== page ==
CACR14—Constitutional Amendment passed by the Senate to overturn the Claremont decision requiring that the state adequately fund education. There are only minor differences between the Senate version (CACR14) and the House version (CACR12), which was passed by the House. The House Special Committee on Education Funding Reform deadlocked on making a recommendation on this bill 7-7.
Senate Session for Wednesday, April 20th
The Senate will vote on the following bills.
HB144—Forbids towns from funding Clean Energy Districts through local taxes, but does allow towns to fund them with bonds This bill passed the House on a voice vote. The committee vote was OTP 4-0.
HB474— “Right to work” bill forbids employees from being required to join a union. This bill passed the House 221-131. The committee vote was OTP 4-1.
Hearings for Tuesday, April 19th
Senate Education Committee
HB370—Limits scope of recently passed anti-bullying law by prohibiting a school from punishing students for acts that occur off of school grounds. Instead, the bill would require schools to notify the parents of the students involved. This bill passed the House 248-96. LOB room 305 1:00pm.
Hearings for Wednesday, April 20th
Senate Judiciary Committee (Sen. Luther is a member of this committee)
HB330—Allows adults to carry guns, concealed or not concealed, loaded or not loaded, without a license. This bill passed the House 244-109. Statehouse room 100, 1:15pm.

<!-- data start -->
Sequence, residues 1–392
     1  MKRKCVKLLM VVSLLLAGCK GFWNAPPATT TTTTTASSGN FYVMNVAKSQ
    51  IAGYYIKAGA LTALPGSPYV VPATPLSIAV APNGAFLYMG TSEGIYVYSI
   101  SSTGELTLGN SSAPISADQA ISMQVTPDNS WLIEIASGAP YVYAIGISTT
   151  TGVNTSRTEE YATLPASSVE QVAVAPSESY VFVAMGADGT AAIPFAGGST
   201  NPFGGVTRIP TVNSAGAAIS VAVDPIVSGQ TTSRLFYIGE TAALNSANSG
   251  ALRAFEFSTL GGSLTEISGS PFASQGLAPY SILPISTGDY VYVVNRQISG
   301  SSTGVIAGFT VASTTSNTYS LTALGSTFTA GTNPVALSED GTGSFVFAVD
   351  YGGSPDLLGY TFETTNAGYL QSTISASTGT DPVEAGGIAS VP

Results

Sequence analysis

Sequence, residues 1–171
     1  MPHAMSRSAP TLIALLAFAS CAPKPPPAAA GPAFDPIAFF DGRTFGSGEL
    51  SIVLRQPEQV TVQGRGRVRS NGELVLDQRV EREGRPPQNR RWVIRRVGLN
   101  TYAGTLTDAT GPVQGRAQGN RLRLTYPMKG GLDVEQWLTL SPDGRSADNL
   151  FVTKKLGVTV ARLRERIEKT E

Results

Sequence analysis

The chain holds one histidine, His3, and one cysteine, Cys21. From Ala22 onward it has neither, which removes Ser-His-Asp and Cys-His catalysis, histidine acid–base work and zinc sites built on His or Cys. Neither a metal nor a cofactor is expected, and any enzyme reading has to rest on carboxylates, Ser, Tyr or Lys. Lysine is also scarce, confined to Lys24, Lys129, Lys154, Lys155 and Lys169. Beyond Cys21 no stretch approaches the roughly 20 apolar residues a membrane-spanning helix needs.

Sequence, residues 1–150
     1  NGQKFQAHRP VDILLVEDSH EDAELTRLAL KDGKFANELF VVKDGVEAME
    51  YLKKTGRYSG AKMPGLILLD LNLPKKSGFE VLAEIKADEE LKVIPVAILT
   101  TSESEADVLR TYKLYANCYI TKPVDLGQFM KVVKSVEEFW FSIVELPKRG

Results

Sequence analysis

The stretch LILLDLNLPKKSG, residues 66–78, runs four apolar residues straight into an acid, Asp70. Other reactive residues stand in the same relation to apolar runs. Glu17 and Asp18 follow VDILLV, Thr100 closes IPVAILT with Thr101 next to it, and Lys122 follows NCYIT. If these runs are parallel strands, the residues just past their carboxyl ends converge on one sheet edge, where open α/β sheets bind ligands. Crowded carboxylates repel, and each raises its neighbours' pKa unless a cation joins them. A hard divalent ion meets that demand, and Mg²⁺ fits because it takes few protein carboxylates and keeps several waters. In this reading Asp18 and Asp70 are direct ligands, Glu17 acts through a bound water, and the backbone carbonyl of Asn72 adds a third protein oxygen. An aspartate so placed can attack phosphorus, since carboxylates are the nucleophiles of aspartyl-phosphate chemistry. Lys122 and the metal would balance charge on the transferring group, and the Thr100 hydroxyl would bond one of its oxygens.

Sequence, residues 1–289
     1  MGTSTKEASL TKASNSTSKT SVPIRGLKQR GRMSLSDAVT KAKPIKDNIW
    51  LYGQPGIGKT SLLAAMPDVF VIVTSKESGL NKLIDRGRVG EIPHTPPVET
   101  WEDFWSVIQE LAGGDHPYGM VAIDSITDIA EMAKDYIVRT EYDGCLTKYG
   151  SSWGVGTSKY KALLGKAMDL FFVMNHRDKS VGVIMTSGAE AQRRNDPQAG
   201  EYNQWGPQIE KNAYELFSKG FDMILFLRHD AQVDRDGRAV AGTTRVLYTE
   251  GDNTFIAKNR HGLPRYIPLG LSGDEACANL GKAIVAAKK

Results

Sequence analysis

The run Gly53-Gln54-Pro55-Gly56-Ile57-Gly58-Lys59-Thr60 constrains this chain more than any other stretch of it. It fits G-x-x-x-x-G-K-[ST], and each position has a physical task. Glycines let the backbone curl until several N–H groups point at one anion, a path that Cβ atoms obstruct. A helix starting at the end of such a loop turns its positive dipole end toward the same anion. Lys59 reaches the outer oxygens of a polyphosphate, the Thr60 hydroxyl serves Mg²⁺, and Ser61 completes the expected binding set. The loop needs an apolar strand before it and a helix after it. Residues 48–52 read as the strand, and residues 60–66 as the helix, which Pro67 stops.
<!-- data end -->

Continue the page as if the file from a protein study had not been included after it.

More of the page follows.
Hearings for Thursday, April 21th
Senate Energy and Natural Resources Committee
HB519—Repealing the Regional Greenhouse Gas Initiative (RGGI). This bill passed the House 251-108. LOB room 201-203 9:00am.
Senate Executive Departments and Administration Committee (Senator Luther is a member of this committee)
HB580—Makes major changes to the public employee retirement system. This bill passed the House 228-139. Statehouse room 100 10:00am.
Senate Finance Committee
HB1—The state Budget. The budget passed the House 243-124. Note that the video and audio of the hearing will be streamed live on the state web site, www.gencourt.state.nh.us. Reps. Hall 2:00pm to 4:00pm and 6:00pm to 8:00pm.
HB2—The state Budget “trailer” bill. This bill is supposed to make changes to laws necessary to implement the budget, but this trailer bill has many other changes as well. Note that the video and audio of the hearing will be streamed live on the state web site, www.gencourt.state.nh.us. Reps. Hall 2:00pm to 4:00pm and 6:00pm to 8:00pm.
Senate Judiciary Committee Sen. Luther is a member of this committee)
HB329—Requiring that minors who have an abortion to notify their parents beforehand (parental notification). There is a provision that allows minors to get a waiver from a judge. This bill passed the House 256-102. Statehouse Room 100 1:45pm.
Where to find more information
The New Hampshire legislature web site is www.gencourt.state.nh.us. Here, you can find the full text of all bills, find the full list of sponsors of bills and see more detailed status. If you have questions about how to use the state website, we would be glad to help. Just email us at firstname.lastname@example.org.
Terms and Abbreviations
ITL means “Inexpedient To Legislate”. If the full House or full Senate votes to ITL a bill, then the bill is defeated.